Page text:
Wednesday, April 1, 2009

Instant Runoff Voting violates citizens' rights


Instant Runoff Voting violates citizens' rights
3/24/2009 7:10:01 AM
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By Andy Cilek

In response to former Post-Bulletin Publisher Bill Boyne's column titled "the U.S. is ready for election reform," I'd like to offer some counter arguments to his misguided idea that we should adopt a new voting system in which voters rank their candidates, rather than vote for one.
There is a lot of hype these days about a new preferential voting system called Instant Runoff Voting (IRV). IRV is being touted by well-funded, highly organize groups, including FairVote, as a new system that makes elections fairer and makes the outcome more "democratic."
The claim is that IRV gives voters more choices, creates majority winners and is easier and less costly to operate. Even if these logistical arguments were valid, which they are not, they are merely side issues that miss the point.

It's not about how IRV might affect the candidates, the parties or the outcomes of elections; it's about what preferential voting does to the voter and to the vote itself. The fatal flaw of IRV is that it violates the rights of voters. There are many reasons for this, but it boils down to two:
The first is that IRV is "nonmonotonic." Very simply, this means a voter's ranking order can have an effect other than what the voter intended. This is because of the mathematical complexities that come into play during the vote-transferring process.
With IRV, a voter can harm his favorite candidate simply by raising him in rank, or ranking him/her as their first choice.

This alone should eliminate IRV as a viable option. Voters shouldn't need a calculator to determine if they are helping or hurting the cause of their favorite candidate.
The second problem is that IRV forces voters to either dilute the strength of their ballot by not ranking all the candidates, or rank candidates whom they do not prefer at all. Thus, the voter must either violate his own equal protection rights, because other ballots would carry more weight, or violate his own rights of association, by "voting" for a candidate he opposes.
Any system that forces voters to disenfranchise themselves this way ought to be rejected out of hand.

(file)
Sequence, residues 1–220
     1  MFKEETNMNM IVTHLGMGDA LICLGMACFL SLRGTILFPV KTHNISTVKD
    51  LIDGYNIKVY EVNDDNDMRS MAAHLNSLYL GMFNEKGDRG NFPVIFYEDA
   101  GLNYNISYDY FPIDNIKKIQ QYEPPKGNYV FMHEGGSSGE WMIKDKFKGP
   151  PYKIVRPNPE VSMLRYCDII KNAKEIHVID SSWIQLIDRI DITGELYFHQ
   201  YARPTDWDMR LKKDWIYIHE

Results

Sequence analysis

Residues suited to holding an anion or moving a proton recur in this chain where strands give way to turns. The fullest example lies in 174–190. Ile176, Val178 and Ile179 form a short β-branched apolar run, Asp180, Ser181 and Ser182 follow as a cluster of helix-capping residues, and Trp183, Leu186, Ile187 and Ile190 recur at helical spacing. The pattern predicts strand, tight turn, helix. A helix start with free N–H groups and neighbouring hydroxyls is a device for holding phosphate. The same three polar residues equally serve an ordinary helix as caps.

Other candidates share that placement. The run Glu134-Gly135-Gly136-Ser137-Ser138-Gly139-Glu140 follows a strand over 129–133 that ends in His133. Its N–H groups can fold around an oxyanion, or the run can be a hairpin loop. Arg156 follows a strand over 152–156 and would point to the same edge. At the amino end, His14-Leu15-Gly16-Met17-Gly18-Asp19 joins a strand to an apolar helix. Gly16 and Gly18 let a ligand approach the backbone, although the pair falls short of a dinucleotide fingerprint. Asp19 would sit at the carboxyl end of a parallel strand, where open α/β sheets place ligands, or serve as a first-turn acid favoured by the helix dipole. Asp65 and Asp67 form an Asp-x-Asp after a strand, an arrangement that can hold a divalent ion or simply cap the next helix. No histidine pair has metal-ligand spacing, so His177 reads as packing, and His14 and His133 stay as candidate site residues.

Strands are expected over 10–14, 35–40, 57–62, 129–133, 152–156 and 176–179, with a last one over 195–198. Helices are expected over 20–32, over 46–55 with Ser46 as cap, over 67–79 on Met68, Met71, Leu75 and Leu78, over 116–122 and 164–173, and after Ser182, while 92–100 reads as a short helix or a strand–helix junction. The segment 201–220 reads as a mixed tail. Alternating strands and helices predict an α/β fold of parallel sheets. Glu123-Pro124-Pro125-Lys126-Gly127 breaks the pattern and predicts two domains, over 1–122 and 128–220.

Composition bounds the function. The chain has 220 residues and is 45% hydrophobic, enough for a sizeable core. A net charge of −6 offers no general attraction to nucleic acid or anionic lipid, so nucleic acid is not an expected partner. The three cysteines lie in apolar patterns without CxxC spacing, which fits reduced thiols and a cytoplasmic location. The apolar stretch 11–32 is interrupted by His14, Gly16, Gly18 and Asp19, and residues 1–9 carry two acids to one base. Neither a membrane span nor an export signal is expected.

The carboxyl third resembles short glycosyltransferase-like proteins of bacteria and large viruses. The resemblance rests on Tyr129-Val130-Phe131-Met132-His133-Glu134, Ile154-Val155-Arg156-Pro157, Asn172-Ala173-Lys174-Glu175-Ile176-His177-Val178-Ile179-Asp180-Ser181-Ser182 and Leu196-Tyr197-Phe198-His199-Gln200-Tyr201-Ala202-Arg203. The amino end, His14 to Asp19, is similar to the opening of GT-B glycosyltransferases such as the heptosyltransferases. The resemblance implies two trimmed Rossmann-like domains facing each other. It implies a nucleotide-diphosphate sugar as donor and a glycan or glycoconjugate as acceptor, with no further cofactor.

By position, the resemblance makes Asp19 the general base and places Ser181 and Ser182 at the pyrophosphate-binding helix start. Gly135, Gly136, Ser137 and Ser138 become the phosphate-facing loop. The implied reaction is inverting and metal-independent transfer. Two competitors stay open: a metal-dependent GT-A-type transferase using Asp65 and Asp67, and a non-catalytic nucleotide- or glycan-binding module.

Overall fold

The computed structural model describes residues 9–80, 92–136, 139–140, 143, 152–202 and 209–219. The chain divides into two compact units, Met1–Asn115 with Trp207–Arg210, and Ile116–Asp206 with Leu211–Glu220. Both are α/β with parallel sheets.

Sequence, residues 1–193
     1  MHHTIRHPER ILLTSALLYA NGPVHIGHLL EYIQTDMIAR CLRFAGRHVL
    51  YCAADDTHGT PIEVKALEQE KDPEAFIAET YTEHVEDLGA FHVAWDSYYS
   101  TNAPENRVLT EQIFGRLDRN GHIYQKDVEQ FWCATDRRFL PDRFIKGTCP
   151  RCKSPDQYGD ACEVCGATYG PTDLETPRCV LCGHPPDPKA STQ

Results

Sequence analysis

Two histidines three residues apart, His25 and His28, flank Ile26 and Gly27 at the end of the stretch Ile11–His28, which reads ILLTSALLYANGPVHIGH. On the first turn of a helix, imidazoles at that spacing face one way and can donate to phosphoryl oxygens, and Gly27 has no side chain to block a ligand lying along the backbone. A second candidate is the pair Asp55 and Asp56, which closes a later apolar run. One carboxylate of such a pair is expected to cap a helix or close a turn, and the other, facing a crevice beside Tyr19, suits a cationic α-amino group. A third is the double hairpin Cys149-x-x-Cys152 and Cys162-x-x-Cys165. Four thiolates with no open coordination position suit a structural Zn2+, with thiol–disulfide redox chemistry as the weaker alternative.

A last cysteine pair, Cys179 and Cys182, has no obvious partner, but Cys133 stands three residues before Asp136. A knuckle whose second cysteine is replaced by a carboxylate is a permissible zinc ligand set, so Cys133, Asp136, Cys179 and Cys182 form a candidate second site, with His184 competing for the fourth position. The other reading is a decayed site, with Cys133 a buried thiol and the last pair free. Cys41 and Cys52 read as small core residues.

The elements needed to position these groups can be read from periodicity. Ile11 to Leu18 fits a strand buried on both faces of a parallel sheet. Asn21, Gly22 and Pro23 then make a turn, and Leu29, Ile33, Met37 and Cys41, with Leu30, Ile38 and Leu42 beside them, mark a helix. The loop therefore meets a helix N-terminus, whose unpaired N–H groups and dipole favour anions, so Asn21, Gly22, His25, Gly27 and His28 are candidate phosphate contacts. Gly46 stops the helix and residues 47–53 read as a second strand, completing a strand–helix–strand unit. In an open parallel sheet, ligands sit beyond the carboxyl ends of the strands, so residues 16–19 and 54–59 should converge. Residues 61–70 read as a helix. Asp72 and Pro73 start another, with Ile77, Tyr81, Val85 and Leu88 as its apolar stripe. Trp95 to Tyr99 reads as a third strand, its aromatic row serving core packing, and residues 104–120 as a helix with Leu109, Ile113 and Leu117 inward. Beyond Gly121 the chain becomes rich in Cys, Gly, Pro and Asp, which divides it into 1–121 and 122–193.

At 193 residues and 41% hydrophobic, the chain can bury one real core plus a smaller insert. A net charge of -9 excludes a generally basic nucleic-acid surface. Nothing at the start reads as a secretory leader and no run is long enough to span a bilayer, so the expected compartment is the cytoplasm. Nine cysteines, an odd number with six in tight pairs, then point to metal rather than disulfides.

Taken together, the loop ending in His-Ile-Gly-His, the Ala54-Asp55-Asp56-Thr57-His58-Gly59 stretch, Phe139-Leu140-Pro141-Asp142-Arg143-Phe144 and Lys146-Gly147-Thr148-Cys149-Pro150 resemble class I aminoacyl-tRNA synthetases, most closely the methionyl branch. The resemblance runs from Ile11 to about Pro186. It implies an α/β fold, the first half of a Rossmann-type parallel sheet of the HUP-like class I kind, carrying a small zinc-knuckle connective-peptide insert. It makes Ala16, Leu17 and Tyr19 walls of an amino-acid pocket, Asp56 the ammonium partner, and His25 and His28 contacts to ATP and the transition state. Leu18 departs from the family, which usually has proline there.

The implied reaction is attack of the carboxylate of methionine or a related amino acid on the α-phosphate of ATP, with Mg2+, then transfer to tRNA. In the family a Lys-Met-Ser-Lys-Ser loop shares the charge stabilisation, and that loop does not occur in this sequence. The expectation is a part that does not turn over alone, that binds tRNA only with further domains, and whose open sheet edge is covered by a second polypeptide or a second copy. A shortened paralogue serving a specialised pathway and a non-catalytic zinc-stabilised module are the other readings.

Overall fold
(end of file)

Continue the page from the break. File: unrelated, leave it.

IRV is not a new system. It will not create true majority winners, but merely the illusion of a majority, and is likely to cause more logistical problems and confusion than traditional plurality voting. This is why Georgetown University's student association has recently abandoned IRV for its elections.

In 1915 a different, but similar, form of IRV was implemented in Duluth, and was challenged in court. The Minnesota Supreme Court, in Brown v. Smallwood, ruled it unconstitutional saying, "Preferential voting directly diminishes the right of a voter to cast an effective vote for the candidate of his choice."

The court further stated: "The quotations made from the different cases are NOT chance expressions. They are indicative of the idea, which permeates all legal thought, that when a voter votes for the candidate of his choice, his vote must be counted one, and it cannot be defeated or its effect lessened, except by the vote of another elector voting for one."
IRV is a violation of this well-established view of the rights of voters in a representative democracy like ours. Our small, grassroots group, the Minnesota Voters Alliance, is pursuing legal action to stop the implementation of IRV in Minnesota.
Last month, the Hennepin County District Court issued an initial ruling concerning the constitutionality of IRV that was full of factual misconceptions and faulty legal arguments. The Hennepin County District Court failed to grasp the concept embodied in State Supreme Court precedent.

While Minneapolis voters were presented with an alternative voting system through a referendum, they did not bargain for unconstitutional ordinances passed after the fact. Despite the fact that IRV is a system of voting which fails to count all ballots equally, and that places voters in the precarious position of not knowing whether or not their first-choice vote will help or hurt their own favorite candidate, the district somehow found that not to be in conflict with basic notions of constitutional principles.

It is especially disconcerting when a lower court disregards State Supreme Court constitutional precedent and principles found in Brown v. Smallwood. Luckily, there is a process for review.
The Minnesota Voters Alliance and the city of Minneapolis have jointly requested an accelerated review by the State Supreme Court. All parties expect the high court to hear the case within two months to finally resolve this issue. Quite frankly, we like our chances.
We encourage any interested citizen to visit our Web site:, where we go into much detail on this vital issue.

Andy Cilek is executive director of the Minnesota Voters Alliance.